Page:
|Para Aduma - A Little Dab Will Do Ya
Published: Friday, June 28, 2019 02:22:26 PM
Number of views: 118
“He (the defiled person) shall purify himself (with the Red Cow ashes) on the third and on the seventh day, then he will become pure.” ….(Bamidbar 19:12)
The classic example of a CHOK (a Mitzva beyond human understanding), is the Red Cow, whose ashes are used to purify a person from defilement by a dead body. As Rashi notes, immersion in a MIKVEH is insufficient to remove the tumah conveyed by a dead body, even though MIKVEH is effective for many other types of TUMAH.
As our verse describes, the purification process of the Red Cow ashes takes place on the third and the seventh day, when these ashes are mixed with water and sprinkled on the impure person. The Rambam (Para Aduma 12) rules that it is sufficient for the ashes to be sprinkled even just on the tip of one finger. This reminds me of the old Brylcreem commercial which said “A Little Dab Will Do Ya.” Even one drop of Para Aduma ashes causes purification to take full effect.
Despite being a CHOK, Rav Pam explains that Para Aduma contains a fascinating practical insight to everyday life. When the Torah requires immersion in a MIKVEH to remove impurity, EACH and EVERY part of the person’s body must be immersed. Even if just one hair is not covered by the MIKVEH water, the entire immersion is invalid and must be repeated.
Yet, regarding the ashes of the Red Cow (called Waters of Purification), even if a tiny part of the body, like the fingernail is sprinkled, it is sufficient for the person to attain total purification. Why is there a difference between the power of the Para Aduma ashes to purify, as opposed to TOTAL immersion in a MIKVEH to become pure.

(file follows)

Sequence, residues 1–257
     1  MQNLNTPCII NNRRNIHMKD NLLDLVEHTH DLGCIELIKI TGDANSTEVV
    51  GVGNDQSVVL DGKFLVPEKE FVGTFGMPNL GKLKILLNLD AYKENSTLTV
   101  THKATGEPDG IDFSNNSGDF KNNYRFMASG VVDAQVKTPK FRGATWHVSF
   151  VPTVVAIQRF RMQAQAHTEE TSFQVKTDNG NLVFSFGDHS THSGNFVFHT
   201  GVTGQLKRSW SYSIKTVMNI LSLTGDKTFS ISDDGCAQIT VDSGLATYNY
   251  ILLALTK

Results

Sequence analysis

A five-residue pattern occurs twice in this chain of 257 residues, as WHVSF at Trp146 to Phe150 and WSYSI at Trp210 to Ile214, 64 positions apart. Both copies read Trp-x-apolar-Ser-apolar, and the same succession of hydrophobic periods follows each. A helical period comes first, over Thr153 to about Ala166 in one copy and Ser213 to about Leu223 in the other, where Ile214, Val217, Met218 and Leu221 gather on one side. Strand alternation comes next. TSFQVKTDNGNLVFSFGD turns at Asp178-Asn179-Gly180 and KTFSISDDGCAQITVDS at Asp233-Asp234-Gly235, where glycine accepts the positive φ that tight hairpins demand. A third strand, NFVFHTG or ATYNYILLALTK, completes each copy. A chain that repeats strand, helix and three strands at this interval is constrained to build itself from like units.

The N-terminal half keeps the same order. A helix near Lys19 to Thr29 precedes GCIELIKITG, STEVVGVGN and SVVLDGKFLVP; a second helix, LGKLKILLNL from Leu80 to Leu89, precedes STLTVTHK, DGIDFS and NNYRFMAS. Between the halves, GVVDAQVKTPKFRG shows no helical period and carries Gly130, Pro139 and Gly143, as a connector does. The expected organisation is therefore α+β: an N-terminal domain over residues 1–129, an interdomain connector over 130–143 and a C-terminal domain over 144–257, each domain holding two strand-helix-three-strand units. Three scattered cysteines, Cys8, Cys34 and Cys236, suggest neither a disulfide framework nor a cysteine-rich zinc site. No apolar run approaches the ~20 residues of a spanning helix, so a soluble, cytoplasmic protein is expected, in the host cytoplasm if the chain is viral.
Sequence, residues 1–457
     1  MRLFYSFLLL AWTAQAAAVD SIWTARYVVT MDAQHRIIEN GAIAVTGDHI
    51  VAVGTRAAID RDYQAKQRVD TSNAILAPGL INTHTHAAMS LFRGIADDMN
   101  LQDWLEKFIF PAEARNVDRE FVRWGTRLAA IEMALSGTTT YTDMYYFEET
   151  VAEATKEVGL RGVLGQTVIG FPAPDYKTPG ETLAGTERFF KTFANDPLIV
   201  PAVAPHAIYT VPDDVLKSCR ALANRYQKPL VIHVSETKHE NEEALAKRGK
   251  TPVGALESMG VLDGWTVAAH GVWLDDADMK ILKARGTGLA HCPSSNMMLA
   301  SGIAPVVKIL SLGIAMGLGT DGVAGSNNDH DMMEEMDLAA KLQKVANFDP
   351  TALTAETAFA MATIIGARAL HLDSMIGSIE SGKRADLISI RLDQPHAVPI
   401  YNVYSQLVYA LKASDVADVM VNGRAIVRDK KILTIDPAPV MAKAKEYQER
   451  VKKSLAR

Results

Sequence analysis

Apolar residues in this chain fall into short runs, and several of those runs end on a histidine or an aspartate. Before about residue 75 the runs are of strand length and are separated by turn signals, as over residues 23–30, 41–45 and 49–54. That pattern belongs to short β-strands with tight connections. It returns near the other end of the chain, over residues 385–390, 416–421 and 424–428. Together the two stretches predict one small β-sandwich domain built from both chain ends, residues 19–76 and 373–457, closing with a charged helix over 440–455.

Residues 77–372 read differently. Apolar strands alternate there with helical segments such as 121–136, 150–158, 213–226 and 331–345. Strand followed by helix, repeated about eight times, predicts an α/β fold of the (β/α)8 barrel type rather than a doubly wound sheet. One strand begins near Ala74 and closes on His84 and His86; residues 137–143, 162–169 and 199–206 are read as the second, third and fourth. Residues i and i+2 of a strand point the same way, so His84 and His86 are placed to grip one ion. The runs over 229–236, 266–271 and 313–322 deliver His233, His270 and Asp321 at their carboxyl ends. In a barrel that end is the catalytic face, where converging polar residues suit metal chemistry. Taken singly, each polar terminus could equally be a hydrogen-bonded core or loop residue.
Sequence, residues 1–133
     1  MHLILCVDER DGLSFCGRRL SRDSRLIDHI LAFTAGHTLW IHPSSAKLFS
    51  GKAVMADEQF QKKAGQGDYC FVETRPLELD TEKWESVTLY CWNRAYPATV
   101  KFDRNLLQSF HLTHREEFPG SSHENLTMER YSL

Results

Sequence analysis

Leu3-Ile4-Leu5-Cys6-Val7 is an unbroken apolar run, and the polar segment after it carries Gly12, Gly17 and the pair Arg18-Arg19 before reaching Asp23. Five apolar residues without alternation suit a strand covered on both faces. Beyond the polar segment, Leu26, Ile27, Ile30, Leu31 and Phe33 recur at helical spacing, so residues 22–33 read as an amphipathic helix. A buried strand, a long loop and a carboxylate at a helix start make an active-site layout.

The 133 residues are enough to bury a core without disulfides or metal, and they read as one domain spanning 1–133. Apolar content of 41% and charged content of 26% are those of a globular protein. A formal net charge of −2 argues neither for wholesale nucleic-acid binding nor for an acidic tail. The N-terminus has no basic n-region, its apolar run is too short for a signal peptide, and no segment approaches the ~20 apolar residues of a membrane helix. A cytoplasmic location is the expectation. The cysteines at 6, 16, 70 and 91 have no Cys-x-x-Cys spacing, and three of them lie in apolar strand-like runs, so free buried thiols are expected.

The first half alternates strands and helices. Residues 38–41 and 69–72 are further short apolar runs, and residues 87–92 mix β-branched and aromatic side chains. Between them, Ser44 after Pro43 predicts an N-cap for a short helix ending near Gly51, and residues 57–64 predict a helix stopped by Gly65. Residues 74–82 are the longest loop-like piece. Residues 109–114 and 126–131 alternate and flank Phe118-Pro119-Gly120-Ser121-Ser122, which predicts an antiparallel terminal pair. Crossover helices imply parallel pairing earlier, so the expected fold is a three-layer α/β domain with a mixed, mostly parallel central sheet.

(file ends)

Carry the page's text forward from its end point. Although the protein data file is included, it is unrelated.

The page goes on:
Rav Pam clarifies the difference between the purification of the Red Cow ashes verses the MIKVEH. Tuma is a symbol of sin and purification is a symbol of TSHUVA. Ideally, a person should strive to become a complete Baal Tshuva for ALL his sins. Nevertheless, for the majority of people this can be extremely difficult, if not almost impossible.
Thus, instead of becoming discouraged and giving up altogether, one should at least attempt the lesser method of purification, symbolized by the Red Cow ashes. Let us attempt to improve in at least ONE aspect of our Mitzva observance and to correct at least one character deficiency.
This method will be one huge step in the right direction, as the Mishna in Avot states, “One Mitzva brings along another Mitzva.” With G-d’s help, one will STEP BY STEP bring significant changes in his Divine Service and Mitzva Performance.